QUESTION: I recently moved to California from Mississippi to take a new job. My new employer is offering a program I have never heard of an HMO. The company's personnel department says it is a much cheaper type of health care than the medical plan I'm accustomed to. Is it?--L. B.
ANSWER: Generally, consumers do save money overall when their medical needs are served by these prepaid health plans--which feature clinics where most ordinary medical services are available--instead of pay-as-you-go commercial health insurance plans. That is because the fixed fee paid to HMOs--short for health maintenance organizations--usually covers most medical expenses. So there are few out-of-pocket costs.
But whether you, too, would spend less with an HMO depends on the size and frequency of your medical bills. Statistics compiled by the National Consumers League show that in 1984, the average HMO monthly charge for a family was $189, a 10% increase over the previous year.
Commercial health insurance rates vary greatly but are often lower than those charged by an HMO. However, these plans almost always have an annual deductible of $100 to $250, and then they pay only 80% of the balance. Most also affix ceilings to the dollar amount that they will pay for various operations and limit the number of days in the hospital that they will cover. In addition, the rates of these so-called major medical insurance plans are growing at an average rate of 25% per year, the consumer group found--more than twice that of HMO rates.
The monthly HMO charge, which is called a premium, covers almost all medical expenses except prescriptions, long-term psychiatric treatment, expensive nursing home care, eyeglasses and contact lenses. Most HMOs also charge a small fee--$5 or $10 is typical--for office visits. Prescriptions, while costing extra, usually cost significantly less through an HMO than the going rate.
How can HMOs afford to charge everyone the same? They are big believers in outpatient surgery, for one thing. The National Consumers League found that HMO members are hospitalized about half as often as buyers of major medical insurance. HMOs can also regulate costs better because they require participants to use doctors and medical facilities that are part of the HMO family.
Therein lies the major drawback. You must choose a doctor and hospital from a list provided by the HMO or risk not being reimbursed. You can get around that requirement only if an HMO doctor refers you to outside specialists, or if you have a serious accident or other life-threatening emergency and are taken to a hospital not affiliated with an HMO, or if you are out of town and need urgent medical assistance.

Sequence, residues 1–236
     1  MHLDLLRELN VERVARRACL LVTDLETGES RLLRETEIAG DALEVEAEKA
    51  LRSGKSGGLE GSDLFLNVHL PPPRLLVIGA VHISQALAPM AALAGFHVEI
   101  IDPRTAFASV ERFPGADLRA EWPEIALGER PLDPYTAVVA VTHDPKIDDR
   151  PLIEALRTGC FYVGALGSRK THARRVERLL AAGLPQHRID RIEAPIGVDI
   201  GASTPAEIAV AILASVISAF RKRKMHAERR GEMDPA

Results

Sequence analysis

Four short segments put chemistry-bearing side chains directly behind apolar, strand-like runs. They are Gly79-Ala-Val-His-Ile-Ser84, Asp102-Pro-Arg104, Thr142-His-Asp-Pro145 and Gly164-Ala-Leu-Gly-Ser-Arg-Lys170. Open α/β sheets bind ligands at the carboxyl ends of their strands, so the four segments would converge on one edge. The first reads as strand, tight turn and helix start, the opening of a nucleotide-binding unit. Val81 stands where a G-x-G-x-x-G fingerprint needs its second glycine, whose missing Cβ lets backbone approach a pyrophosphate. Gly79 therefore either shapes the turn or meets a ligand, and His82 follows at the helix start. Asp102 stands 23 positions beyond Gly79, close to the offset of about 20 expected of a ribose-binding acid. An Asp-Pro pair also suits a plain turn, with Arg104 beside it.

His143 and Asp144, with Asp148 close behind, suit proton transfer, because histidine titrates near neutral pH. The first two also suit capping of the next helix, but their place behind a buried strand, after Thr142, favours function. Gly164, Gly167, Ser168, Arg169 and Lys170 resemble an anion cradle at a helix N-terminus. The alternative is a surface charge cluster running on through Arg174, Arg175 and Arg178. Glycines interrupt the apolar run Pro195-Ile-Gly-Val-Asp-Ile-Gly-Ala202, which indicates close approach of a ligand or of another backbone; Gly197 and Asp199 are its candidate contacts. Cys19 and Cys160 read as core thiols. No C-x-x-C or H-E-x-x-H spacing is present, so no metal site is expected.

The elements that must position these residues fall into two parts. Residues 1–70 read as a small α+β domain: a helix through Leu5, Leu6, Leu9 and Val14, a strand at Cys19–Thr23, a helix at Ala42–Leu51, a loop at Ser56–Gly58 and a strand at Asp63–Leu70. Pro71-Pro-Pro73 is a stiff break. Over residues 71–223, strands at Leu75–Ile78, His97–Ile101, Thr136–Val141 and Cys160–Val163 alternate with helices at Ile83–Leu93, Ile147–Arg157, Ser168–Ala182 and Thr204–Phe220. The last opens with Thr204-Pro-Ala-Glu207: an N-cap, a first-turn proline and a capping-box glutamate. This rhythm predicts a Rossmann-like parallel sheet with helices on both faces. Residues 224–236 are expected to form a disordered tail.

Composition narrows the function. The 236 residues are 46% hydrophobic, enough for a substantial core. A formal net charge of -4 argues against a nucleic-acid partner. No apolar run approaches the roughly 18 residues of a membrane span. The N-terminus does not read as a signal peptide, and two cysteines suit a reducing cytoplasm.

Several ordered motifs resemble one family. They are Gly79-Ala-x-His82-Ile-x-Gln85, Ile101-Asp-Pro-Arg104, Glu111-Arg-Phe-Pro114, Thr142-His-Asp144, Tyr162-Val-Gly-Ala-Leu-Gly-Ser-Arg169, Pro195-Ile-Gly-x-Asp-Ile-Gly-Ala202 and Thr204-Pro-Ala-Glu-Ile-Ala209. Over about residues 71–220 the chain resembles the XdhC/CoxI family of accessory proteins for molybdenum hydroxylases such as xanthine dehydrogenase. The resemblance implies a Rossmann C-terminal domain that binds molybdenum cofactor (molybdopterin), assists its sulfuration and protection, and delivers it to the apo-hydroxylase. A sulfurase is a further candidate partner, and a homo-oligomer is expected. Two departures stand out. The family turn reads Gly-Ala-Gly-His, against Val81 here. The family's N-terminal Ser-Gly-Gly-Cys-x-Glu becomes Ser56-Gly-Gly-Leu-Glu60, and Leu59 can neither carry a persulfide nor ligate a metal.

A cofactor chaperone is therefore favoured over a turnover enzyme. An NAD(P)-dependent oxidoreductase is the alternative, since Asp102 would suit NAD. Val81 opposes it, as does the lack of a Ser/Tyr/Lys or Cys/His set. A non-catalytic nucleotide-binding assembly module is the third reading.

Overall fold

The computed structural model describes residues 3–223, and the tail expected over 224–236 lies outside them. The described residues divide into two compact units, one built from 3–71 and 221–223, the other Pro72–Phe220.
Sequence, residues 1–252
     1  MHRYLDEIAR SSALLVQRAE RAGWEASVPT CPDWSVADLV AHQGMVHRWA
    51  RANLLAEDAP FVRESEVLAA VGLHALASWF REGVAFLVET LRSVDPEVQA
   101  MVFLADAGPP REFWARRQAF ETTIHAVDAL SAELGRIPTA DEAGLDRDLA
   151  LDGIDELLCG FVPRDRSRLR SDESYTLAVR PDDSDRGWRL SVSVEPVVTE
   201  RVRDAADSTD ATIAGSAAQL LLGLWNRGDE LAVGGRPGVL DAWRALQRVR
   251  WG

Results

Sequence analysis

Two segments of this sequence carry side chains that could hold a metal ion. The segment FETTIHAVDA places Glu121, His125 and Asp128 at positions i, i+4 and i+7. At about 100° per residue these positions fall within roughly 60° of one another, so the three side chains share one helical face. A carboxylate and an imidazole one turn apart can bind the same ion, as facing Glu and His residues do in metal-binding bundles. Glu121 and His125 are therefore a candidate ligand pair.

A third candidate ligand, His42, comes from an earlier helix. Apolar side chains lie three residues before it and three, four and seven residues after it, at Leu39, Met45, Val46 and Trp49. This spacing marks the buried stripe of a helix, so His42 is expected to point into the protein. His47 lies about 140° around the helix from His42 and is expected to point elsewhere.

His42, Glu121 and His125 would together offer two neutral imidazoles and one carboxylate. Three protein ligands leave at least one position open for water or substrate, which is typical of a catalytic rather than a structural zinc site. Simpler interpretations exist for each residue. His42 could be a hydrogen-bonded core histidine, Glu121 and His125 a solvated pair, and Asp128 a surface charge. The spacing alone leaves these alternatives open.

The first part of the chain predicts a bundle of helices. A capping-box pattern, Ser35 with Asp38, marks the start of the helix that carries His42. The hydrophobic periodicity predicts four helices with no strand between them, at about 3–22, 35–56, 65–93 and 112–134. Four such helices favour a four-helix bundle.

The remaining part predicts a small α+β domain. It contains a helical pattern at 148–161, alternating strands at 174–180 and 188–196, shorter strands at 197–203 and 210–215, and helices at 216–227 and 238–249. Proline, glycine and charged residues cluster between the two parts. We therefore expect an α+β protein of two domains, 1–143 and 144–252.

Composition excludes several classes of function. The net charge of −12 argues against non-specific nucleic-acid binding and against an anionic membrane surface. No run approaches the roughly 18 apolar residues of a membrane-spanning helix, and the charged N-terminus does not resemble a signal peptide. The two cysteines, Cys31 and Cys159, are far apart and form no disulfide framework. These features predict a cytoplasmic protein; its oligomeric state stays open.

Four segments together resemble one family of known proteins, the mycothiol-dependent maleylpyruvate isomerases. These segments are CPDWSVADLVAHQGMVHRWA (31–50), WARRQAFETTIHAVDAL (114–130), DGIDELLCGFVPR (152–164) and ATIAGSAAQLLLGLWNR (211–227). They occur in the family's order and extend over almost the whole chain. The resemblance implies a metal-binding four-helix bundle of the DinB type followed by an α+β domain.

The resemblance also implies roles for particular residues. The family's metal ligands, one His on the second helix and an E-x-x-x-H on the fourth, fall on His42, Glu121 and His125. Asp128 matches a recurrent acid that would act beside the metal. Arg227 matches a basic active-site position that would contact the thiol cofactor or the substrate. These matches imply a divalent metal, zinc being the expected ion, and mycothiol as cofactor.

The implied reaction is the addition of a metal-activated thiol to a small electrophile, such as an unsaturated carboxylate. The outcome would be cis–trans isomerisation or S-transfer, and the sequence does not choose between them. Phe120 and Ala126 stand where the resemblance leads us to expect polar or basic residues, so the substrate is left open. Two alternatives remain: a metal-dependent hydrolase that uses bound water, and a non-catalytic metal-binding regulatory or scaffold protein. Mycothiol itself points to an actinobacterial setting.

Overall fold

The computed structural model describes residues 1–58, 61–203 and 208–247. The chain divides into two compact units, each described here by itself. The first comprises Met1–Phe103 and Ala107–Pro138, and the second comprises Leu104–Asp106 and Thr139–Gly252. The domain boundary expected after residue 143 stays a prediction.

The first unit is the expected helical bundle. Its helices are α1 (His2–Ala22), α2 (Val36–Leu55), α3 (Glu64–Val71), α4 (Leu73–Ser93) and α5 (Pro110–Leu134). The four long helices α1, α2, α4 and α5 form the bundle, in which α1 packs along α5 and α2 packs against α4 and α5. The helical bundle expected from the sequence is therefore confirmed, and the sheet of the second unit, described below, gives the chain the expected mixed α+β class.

Some consumers like HMOs for the convenience of having most medical services available at one location. But the restriction of not being able to visit any doctor of your choice is often cited by the millions of Americans who decide against participating in an HMO.
Many, citing the HMO emphasis on cost containment, also question the quality of care provided. HMOs often are criticized for putting economy ahead of patients' well-being and for shepherding patients through as quickly as possible. HMOs counter that there is no evidence showing that their treatment of patients is any less effective than that of non-HMO doctors.
Still, only 9% of privately insured families belong to HMOs, according to a 1984 survey by the Louis Harris & Associates polling firm.
The concept of prepaid health plans dates back to the early 1900s. California industrialist Henry J. Kaiser is credited with founding the first of the modern HMOs for construction workers building the Grand Coulee Dam in Washington state in 1933.
The popularity of HMOs really took off in 1973, when Congress passed the Health Maintenance Organization Act to encourage the development of HMOs and require companies with existing health plans to offer employees the choice of an HMO as well. That year, HMOs had 4 million members. By mid-1985, the number had risen to about 19 million.
Debra Whitefield cannot answer mail individually but will respond in this column to financial questions of general interest. Do not telephone. Write to Money Talk, Los Angeles Times, 780 Third Ave., Suite 3801, New York, N.Y. 10017.